The Garden Island
We stopped for shave ice on the way back at Wailua shave ice. It was on a whole different level than the other shave ice we had. They use real fruit, coconut cream, and fresh ingredients. This one was named “Almond Joy.”
Enjoying some POG juice on a boat tour!
Our second of several trips to the Na Pali coast. We took a boat trip along the coast that also went out to Ni’Hau, a private island west of Kauai.
It was cool flying over the Na Pali coast, but seeing it from this angle was special.
The boat we were on was a pretty large catamaran, but we were able to get pretty close to a couple of caves. We had another boat trip scheduled for later during our time in Kauai… this was like an appetizer for things to come!
Spinner dolphins hang out near the boats and ride the waves while they sleep. There were so many!
We rode along the Na Pali coast for a bit before heading out to sea towards Ni’Hau.
The only way to access this beach is the Kalalau Trail, closed during our stay. I believe boats aren’t allowed to stop here.
We totally lucked out with the weather the entire trip. The boat ride to Ni’ Hau is normally brutal. Waves come in from the north that make the channel impassable during much of the year. It was like lake water for us. The captain’s remarks mirrored our pilot’s the day before. He had not seen a day this clear and calm in months. Apparently May is the time to go to Hawaii!
The keyhole at Lehua Rock.
I was really excited to dive Ni’Hau. It’s supposed to be basically untouched since it’s a whole thing to get there, and is private. The ocean current was absolutely crazy. The guy sitting next to me here froke out once we were in the water and had to go back, so it was just me and the guide. It was a difficult dive due to the overwhelming current, but I did see my first shark!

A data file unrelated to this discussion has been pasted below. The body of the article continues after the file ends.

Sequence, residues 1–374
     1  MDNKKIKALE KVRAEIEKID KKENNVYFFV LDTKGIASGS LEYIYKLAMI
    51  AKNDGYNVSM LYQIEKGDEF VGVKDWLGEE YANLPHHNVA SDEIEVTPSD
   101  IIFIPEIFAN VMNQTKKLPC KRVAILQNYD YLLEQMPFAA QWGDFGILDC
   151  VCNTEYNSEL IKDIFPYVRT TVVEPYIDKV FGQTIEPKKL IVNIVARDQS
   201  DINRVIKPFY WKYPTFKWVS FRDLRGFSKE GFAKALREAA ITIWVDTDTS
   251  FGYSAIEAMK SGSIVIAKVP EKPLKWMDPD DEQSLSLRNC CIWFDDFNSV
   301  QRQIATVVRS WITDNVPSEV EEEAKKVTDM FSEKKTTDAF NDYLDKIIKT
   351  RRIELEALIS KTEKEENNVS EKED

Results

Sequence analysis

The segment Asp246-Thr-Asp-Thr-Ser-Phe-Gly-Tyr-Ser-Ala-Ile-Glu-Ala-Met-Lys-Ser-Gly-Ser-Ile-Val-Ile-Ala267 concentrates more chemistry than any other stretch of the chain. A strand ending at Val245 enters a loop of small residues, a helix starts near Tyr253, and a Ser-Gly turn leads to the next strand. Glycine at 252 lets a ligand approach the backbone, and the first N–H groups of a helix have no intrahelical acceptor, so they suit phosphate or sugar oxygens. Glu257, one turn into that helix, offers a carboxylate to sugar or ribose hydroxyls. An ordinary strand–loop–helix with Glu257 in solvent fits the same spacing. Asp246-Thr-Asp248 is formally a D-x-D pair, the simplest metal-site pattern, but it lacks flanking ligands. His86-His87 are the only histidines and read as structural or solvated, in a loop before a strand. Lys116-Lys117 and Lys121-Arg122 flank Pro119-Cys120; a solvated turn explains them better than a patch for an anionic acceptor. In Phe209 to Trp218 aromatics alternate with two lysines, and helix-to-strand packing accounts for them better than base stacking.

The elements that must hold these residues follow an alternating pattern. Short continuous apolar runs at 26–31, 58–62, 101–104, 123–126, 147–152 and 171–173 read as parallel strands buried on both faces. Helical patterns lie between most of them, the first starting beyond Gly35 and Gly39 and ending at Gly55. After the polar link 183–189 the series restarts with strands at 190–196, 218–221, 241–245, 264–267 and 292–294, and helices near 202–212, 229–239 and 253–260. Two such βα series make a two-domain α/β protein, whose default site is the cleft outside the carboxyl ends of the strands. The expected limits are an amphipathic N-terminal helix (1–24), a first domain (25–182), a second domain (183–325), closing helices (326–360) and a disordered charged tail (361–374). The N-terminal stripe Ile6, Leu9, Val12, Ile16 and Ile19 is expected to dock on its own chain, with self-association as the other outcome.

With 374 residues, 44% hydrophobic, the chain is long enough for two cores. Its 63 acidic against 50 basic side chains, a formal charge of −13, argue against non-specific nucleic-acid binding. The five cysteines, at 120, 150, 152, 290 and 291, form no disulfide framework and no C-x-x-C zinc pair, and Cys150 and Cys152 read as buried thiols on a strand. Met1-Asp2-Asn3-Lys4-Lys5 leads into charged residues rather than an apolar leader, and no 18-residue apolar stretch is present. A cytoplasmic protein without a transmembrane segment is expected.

The next morning, we went tubing down old sugar cane plantation canals. It was a really cool experience. This is the gate to the private road that leads to the canal. It’s all on private land, and the owners’ family runs the business.
Most of the tubing went through hand-dug tunnels. The water was very “refreshing!”
Wailua Falls. It’s much bigger than it looks in the picture.
The Wailua River, the largest river in Hawaii.
Opaekaa Falls was visible from the other side of the road.
I believe that’s Mount Wai’ale’ale in the distance (the wettest spot on earth that we flew over in the helicopter).
A peacock we came across along the river.
We were lucky to have Christina and Aaron fly in and join us for a few days in Kauai! This was our last night, and last sunset on the north shore.
The sky really looked like this.
The sunsets on the north shore were something special.
Our time on the north shore was great, but we were looking forward to exploring the south and west.
We went on a hard, but well worth it hike the next day. It took several hours due to the condition of the trail. It was great because there weren’t many people on it.
The waterfall at the end of the trail. It was a lot of work to get to, but it was really nice having it basically to ourselves (there were a couple of other small groups there, but nothing like the big tourist areas).
We had a refreshing dip in the waterfall after our challenging hike in.
We camped in Polihale State Park on the beach during our first night in the south. This is where the Na Pali coast begins. It was memorial day weekend, so a bit crowded. It is quite a trip to get to this beach. You turn off the main road onto a gravel road for several miles, then through some questionable sand roads (felt good to be in a Jeep).
The stars out here were amazing.
Not a bad view to wake up to!
Polihale in the morning. It started to heat up really fast, so we left pretty early.